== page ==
From Bloomberg: Google Inc. (won a bid to delay a copyright lawsuit by the Authors Guild of America over the company’s plans to digitally scan millions of books while it appeals a decision that allows the plaintiffs to sue as a class. U.S. Circuit Judge Raymond Lohier of the U.S. Court of Appeals in Manhattan [...]
The U.S. Circuit Court of Appeals for the Second Circuit will allow Google to appeal the class action status of the seven-year old Google Inc. v. Authors Guild case, the court announced in an order this morning. Decertifying the case would force Author’s Guild members who dispute the digitization of their works to sue Google individually. Google has argued that many authors have benefited economically from its Google Books project, and whether a scan violated copyright or was protected under fair use doctrine should be determined on a case-by-case basis.
Arguing that authors have suffered no economic harm from the scanning of more than 15 million books, Google on Friday filed a motion seeking the dismissal of the long-running Authors Guild v. Google case. The motion states that the digitized books, and the Google Books service that they enable, are “not a substitute for the [physical] books themselves—readers still must buy a book from a store or borrow it from a library to read it. Rather, Google Books is an important advance on the card-catalogue method of finding books,” that allows full-text searching.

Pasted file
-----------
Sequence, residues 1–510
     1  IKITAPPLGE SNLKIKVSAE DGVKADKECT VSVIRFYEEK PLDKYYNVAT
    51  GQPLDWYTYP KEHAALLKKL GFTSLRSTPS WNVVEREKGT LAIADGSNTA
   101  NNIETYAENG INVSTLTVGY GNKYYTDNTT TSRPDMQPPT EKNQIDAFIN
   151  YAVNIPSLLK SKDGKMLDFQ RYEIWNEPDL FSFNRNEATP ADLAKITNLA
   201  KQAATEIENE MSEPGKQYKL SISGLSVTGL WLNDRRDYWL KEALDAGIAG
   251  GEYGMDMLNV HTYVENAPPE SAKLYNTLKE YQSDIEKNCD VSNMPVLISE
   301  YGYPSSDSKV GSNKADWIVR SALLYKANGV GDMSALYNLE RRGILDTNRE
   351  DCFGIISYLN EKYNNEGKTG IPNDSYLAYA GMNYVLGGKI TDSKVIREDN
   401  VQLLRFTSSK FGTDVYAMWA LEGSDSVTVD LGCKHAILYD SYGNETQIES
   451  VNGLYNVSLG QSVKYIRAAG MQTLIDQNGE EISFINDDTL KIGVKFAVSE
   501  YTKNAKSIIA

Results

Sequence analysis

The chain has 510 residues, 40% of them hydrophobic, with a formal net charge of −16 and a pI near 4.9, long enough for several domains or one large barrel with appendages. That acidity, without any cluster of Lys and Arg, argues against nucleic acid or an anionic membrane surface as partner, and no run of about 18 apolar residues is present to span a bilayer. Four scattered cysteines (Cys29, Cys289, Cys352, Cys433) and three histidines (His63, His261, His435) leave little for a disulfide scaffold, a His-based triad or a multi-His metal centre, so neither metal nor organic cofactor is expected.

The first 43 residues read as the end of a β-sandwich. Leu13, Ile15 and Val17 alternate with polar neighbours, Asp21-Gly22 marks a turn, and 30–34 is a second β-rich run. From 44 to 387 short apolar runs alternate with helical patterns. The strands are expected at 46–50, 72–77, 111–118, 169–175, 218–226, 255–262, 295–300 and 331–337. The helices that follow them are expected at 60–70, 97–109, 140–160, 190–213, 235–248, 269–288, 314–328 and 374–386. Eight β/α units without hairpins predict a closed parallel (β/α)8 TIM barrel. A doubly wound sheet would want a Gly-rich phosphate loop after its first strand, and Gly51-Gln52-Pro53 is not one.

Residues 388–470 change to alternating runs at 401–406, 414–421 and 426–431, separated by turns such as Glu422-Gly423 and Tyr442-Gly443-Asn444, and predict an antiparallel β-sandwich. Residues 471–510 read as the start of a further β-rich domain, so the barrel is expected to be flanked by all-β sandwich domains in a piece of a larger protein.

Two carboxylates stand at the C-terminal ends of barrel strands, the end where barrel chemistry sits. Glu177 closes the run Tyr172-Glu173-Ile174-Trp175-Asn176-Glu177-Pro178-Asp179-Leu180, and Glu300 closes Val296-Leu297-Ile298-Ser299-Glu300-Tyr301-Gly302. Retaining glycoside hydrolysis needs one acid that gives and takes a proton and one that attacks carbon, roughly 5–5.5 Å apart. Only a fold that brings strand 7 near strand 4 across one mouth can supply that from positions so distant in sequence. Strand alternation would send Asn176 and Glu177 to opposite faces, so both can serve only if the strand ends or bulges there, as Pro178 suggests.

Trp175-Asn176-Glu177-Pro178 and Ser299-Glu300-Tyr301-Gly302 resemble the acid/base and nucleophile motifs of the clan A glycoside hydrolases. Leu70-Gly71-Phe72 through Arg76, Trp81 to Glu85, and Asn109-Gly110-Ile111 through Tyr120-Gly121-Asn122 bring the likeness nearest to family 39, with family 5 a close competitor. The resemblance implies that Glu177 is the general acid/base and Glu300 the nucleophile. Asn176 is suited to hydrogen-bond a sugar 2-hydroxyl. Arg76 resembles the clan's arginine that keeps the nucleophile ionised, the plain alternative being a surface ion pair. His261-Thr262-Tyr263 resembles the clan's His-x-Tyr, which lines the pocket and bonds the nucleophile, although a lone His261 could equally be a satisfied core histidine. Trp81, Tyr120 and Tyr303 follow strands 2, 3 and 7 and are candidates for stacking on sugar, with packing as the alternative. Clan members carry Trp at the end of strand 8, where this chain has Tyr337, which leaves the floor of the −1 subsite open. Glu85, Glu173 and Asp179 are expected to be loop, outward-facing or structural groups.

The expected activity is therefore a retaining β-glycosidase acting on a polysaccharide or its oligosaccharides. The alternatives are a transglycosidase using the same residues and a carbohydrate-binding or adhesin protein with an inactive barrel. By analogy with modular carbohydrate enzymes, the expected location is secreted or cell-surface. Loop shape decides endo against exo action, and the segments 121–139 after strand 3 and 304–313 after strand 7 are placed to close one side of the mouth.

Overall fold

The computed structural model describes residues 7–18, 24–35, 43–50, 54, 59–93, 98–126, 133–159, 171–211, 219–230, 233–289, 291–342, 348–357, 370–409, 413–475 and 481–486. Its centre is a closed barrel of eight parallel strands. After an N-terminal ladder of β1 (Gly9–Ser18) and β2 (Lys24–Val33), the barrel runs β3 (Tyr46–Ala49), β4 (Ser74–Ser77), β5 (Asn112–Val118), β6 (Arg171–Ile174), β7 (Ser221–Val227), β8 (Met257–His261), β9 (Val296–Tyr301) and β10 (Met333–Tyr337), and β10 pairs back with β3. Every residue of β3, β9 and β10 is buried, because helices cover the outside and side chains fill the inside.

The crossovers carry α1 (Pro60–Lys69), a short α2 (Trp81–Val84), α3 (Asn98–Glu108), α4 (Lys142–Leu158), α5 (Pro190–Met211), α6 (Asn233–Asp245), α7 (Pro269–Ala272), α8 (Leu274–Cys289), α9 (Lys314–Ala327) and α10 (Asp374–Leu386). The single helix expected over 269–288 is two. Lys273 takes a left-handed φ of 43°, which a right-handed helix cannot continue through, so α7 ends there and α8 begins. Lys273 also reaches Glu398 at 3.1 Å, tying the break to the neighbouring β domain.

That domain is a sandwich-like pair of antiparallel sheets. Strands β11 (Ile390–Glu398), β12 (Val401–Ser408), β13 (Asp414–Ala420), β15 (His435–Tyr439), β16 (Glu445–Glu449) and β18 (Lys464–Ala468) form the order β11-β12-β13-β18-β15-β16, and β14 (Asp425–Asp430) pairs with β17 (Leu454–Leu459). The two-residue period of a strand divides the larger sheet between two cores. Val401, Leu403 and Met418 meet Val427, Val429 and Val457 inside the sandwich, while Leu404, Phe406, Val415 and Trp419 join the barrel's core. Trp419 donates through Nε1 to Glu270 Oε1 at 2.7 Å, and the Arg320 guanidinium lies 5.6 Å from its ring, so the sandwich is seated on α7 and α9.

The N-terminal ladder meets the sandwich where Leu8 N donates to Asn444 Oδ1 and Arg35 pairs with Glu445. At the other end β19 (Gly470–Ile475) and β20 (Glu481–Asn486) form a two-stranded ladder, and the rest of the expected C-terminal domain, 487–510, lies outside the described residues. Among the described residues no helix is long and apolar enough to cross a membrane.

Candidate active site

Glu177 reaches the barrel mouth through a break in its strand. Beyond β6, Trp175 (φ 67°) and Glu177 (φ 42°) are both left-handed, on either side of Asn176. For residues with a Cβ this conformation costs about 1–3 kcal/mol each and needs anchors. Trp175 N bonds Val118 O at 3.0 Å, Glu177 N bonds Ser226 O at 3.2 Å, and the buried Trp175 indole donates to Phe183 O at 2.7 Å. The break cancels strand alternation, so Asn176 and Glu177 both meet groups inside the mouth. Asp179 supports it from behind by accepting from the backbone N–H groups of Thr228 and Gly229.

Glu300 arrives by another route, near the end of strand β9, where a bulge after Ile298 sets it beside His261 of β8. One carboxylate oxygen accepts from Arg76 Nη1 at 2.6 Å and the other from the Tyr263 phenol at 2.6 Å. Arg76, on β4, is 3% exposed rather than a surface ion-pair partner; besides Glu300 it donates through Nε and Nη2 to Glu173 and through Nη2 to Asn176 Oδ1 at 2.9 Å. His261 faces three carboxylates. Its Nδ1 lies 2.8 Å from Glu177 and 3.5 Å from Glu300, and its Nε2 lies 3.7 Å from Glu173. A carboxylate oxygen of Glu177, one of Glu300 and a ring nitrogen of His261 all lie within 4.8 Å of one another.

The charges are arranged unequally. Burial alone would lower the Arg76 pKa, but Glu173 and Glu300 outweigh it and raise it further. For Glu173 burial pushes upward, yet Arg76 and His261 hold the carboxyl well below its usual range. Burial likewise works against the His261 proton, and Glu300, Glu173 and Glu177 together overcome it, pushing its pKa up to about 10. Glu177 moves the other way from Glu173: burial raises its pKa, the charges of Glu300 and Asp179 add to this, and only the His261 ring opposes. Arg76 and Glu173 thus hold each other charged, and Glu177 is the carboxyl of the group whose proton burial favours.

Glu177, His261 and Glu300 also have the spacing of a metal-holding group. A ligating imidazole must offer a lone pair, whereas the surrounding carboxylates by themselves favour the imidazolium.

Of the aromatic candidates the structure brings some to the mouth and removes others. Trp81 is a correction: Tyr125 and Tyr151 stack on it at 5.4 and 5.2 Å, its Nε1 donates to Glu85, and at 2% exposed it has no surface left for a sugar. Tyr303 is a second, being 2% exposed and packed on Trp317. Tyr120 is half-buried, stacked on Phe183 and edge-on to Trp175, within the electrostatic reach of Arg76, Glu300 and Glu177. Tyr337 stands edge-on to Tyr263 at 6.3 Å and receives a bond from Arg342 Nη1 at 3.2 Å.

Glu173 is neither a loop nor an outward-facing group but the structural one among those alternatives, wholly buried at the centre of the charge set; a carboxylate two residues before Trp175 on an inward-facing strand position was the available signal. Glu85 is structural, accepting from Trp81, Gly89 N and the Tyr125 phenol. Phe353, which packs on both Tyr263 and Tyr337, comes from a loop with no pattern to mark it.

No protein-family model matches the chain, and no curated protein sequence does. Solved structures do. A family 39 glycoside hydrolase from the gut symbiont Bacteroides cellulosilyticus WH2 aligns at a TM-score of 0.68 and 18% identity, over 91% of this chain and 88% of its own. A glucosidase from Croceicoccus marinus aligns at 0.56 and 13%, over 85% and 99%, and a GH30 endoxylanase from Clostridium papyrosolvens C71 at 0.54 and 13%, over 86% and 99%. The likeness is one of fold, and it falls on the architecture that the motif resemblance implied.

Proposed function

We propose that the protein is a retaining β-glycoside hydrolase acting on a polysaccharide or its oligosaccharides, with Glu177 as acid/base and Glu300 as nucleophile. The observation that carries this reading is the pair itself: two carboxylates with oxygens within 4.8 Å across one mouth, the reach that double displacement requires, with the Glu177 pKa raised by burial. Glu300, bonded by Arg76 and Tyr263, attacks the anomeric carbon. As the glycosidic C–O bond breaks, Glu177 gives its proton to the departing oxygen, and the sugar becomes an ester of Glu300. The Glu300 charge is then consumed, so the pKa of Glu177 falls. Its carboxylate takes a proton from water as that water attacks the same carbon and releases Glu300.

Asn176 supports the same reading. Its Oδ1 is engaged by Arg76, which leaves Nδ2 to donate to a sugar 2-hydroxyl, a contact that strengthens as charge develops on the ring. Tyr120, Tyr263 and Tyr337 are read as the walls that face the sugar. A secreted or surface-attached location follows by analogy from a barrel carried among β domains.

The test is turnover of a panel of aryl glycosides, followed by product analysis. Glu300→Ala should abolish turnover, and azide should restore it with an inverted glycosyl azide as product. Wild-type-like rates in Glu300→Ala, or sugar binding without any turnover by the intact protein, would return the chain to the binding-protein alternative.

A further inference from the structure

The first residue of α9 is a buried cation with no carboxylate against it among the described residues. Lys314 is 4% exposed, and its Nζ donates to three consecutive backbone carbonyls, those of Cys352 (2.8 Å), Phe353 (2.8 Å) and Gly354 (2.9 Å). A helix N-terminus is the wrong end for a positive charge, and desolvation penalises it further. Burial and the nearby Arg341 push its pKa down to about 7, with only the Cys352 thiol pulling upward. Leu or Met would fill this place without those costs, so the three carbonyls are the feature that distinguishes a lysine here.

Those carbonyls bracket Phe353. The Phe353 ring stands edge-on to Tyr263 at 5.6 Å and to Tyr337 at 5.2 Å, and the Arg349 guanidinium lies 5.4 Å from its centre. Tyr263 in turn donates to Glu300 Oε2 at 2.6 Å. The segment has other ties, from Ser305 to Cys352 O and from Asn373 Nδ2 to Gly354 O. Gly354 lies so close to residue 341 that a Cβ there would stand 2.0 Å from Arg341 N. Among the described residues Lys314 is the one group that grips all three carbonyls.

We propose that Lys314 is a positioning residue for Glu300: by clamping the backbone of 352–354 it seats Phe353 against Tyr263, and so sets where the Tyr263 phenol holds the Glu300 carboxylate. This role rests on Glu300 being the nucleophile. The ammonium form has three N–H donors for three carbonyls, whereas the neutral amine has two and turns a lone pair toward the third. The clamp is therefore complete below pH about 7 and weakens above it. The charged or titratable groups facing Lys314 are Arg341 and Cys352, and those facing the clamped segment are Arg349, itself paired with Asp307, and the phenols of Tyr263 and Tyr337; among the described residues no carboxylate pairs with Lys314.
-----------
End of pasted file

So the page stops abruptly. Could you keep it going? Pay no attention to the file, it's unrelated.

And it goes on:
Handy tools for reading and ebook discovery that you can enjoy using yourself and perhaps put them to use with students in the classroom or library.
University of California, Berkeley, law professor Pamela Samuelson, on behalf of more than 80 academics, sent a letter on Monday to Judge Denny Chin asserting that academic authors should not be included as part of a class authorization in the high profile Google Books case, due to fundamental disagreements between the interests of academics and other types of authors.
Google yesterday filed a motion to dismiss the Authors Guild as a plaintiff in the long-running Google Books case, arguing that the organization lacks “associational standing” to sue on behalf of individual copyright holders.